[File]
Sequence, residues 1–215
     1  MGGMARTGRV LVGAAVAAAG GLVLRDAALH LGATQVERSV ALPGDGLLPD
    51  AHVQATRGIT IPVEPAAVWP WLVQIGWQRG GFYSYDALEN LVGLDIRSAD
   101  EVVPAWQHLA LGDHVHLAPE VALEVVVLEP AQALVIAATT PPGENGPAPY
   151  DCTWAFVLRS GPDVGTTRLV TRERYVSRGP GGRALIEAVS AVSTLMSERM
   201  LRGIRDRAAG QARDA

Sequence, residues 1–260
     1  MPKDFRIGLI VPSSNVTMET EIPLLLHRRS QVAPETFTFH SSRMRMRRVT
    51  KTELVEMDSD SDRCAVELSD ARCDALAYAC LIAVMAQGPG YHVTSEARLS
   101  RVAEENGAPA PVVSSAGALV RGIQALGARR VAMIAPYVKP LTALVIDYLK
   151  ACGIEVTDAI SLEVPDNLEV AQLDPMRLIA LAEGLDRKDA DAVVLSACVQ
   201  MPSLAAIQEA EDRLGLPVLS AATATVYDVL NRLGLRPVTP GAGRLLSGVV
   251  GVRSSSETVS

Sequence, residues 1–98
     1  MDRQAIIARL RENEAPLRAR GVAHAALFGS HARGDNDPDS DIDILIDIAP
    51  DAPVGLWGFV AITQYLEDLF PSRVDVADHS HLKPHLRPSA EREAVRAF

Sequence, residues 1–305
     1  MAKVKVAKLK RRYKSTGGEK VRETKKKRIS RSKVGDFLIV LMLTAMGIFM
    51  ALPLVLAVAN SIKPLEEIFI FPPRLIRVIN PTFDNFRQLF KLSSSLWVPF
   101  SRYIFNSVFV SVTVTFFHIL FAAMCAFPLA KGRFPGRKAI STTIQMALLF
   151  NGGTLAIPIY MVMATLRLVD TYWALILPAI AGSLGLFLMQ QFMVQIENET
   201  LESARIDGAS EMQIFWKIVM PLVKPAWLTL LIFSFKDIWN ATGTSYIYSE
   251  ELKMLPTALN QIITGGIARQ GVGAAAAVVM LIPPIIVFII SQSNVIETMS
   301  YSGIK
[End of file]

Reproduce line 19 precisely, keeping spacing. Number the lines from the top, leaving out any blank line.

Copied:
    51  ALPLVLAVAN SIKPLEEIFI FPPRLIRVIN PTFDNFRQLF KLSSSLWVPF